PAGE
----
Defining Customer Journeys
Define and maintain customer journeys through the Next-Best-Action Designer to let the NBA Designers shape and monitor the experience that customers have with an entire process, not just one action or treatment. For example, the customer journey can guide a customer to first gain awareness of a product, see the offers themselves, and then finally speak to a representative. This sequential offer structure creates a streamlined and more thoughtful approach to presenting a product. Other examples of such processes include applying for a new credit card, refinancing a loan, or onboarding a new customer.
This video demonstrates how to define and assemble a fully functioning customer journey in Customer Decision Hub.
U+ Bank wants to use customer journeys for its mortgage offering. The bank plans to first make customers aware of applying for a mortgage and its benefits. After the customer shows interest, U+ Bank wants to enable customers to explore some of the mortgage offers directly. Finally, U+ Bank wants to connect customers to an advisor to make a personalized offer and to ensure that customers make an informed decision on their mortgage. By using customer journeys, U+ Bank puts actions and treatments into stages in a sequential format that guides customers toward mutually beneficial outcomes.
To implement this use case, you first define the customer journey on the Taxonomy tab of Next-Best-Action Designer.
On the Taxonomy tab, you name the customer journey, and then specify the business issue and group to which your customer journey belongs. This designation is important because customer journeys inherit the engagement policies of the business issue and group that they occupy. In the following example, the actions that are assigned to this journey inherit the engagement policies of the Grow business issue and Mortgages group.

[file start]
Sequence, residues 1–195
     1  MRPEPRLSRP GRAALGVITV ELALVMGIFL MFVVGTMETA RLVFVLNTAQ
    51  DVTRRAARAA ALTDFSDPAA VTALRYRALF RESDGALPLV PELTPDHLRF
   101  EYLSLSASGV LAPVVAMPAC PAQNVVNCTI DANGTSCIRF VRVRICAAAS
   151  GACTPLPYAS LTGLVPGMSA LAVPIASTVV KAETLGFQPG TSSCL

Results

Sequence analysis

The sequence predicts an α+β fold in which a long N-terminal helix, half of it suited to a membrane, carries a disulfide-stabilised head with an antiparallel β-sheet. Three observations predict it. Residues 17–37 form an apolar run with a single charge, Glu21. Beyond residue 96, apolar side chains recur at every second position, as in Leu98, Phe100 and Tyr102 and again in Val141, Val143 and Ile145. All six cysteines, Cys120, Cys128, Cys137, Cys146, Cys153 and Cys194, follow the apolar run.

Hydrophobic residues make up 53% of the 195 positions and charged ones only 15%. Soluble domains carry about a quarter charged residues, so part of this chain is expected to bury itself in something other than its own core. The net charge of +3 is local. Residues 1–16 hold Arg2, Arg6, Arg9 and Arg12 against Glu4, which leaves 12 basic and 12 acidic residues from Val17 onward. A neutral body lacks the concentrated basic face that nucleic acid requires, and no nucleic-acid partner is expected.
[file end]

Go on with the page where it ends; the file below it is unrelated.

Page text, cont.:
After you create your journey, you can add stages to it. At this point, you define only the names of the stages and the sequence in which the customer progresses through them. In this example, you create stages that represent the three engagement stages with the customer in the process of getting a new mortgage:
- Explore products
- Talk to advisor
After you define the journey and the stages, you then add actions to the corresponding stages. When you add actions to each stage, the application adds all their available treatments. The order in which you add actions to the stage is irrelevant. The AI uses the propensity of the customer to decide which action is the best to display in the stage or out of the stage. The customer journeys do not interfere with the next-best-action paradigm.
U+ Bank wants to ensure that the application displays a given action to a customer only as part of a journey. Configure this in the action itself to prevent it from displaying as a standalone action.
Next, you set the entry criteria. Entry criteria determine which conditions customers must satisfy to move to the next stage. Each stage can have its own criteria that check for various business conditions to match. For example, criteria can check the following conditions:
- The maturity of the customer relationship with U+ Bank.
- The level of interest that a customer shows in a specific category of products.
- Whether it is appropriate to connect customers with an advisor.
To implement entry criteria, use simple conditions that apply properties or use furthermore complex conditions that apply decision strategies.
For the Discover and Apply for a Mortgage journey, U+ Bank decides to use the following conditions:
The Awareness stage is relevant for customers that currently are not part of this journey.
The Explore products stage is relevant only if customers engage in the Awareness stage.
The Talk to advisor stage is relevant only if customers engage with an offer in the Explore products stage.